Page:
On his debut for Columbia Records, Pete Yorn wears his heart on his sleeve like Ryan Adams, sings in a husky croon similar to Jakob Dylan, and earnestly plays into passion and emotion like Jeff Buckley. The year 2001 belonged to Yorn, and his critical praise was not unwarranted, with Musicforthemorningafter marking the stunning beginning of a long, varied career. It's a raw selection of heartland and American trad rock, yet Yorn's love for Brit-pop is also quite evident, with several breezy acoustic-based songs ("Sense," "Simonize") resembling threads of the Smiths. Yorn's voice may crack at points, but it contributes to the dusty feeling of the entire album, which is leanly orchestrated with a mix of guitar, harmonica, and a standard rhythm section. The debut single "Life on a Chain" kicks things off with appropriate twang, featuring a slightly slurred melody that helped earned the song a spot on modern rock radio, while songs like "Just Another" prove that Yorn can also work his way around a ballad. Musicforthemorningafter arrived when modern rock was looking for an outlet to escape alternative metal's popularity, but the album's popularity wasn't a calculated thing. With a poppy core and some rough-around-the-edges wrapping paper, Pete Yorn turned his debut into the perfect cure for those who were sick of the previous decade's music.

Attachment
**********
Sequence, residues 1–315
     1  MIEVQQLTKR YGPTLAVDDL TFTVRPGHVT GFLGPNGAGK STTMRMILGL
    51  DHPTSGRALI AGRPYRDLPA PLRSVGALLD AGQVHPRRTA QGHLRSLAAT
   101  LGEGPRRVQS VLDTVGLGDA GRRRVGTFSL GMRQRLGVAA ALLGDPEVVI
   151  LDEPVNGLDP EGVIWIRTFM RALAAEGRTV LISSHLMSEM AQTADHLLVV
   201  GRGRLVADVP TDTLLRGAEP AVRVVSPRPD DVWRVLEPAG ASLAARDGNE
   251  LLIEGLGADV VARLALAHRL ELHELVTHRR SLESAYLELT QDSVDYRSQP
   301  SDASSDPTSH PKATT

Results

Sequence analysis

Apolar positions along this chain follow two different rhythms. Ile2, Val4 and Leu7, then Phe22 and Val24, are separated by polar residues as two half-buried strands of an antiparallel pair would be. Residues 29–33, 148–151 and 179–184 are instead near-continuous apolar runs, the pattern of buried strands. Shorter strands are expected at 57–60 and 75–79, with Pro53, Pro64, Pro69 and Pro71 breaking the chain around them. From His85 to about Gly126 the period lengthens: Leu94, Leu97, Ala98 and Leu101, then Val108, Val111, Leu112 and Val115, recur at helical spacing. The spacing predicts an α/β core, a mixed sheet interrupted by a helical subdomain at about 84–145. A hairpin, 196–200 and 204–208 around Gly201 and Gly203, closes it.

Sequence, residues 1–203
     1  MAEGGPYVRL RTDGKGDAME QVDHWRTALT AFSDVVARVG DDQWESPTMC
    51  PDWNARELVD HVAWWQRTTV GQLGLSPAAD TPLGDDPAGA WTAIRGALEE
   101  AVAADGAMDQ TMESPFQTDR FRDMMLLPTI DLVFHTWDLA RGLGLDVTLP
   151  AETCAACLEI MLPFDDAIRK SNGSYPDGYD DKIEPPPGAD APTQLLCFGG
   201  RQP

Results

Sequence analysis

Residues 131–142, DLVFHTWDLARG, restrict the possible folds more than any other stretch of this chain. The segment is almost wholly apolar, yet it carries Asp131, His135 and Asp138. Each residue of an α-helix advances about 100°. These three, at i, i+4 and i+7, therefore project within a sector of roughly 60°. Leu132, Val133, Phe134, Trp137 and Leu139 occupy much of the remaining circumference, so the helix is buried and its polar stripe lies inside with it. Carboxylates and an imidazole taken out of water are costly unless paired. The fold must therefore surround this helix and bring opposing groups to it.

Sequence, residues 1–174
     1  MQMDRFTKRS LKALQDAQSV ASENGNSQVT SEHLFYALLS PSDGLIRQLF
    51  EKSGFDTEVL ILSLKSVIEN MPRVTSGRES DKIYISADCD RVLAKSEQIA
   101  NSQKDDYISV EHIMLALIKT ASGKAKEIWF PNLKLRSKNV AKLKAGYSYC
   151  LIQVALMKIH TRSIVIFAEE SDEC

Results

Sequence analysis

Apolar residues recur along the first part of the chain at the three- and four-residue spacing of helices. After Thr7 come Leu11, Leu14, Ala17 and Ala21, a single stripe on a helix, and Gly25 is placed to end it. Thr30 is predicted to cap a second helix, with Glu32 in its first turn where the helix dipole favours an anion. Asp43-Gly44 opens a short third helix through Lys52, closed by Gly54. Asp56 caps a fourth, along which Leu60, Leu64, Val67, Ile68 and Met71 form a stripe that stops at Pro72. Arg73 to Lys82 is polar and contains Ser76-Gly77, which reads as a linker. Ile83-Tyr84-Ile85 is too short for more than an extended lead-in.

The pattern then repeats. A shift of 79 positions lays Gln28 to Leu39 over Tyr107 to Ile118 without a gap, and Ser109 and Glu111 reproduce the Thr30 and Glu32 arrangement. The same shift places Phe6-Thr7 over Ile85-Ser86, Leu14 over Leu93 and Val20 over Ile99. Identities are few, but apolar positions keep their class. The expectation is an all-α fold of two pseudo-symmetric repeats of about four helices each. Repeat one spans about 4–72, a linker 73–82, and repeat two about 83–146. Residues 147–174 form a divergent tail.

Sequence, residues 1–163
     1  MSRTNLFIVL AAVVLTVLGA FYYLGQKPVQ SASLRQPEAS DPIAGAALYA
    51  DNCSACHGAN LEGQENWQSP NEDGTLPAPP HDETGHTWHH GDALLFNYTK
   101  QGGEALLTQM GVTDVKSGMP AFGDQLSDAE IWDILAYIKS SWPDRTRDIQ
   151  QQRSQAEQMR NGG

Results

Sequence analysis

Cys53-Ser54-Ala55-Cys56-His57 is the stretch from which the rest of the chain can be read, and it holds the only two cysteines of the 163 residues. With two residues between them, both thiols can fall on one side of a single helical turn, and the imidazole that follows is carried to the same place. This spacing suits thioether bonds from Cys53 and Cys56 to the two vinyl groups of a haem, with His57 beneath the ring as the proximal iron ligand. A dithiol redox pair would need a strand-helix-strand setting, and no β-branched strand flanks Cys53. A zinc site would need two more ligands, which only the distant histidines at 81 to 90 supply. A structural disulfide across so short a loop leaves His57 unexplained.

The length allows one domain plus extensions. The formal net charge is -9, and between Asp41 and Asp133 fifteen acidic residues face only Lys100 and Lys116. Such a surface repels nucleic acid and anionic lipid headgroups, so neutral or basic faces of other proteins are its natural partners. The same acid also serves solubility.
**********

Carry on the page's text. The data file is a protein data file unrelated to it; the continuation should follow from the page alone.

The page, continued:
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AllMusic Review by MacKenzie Wilson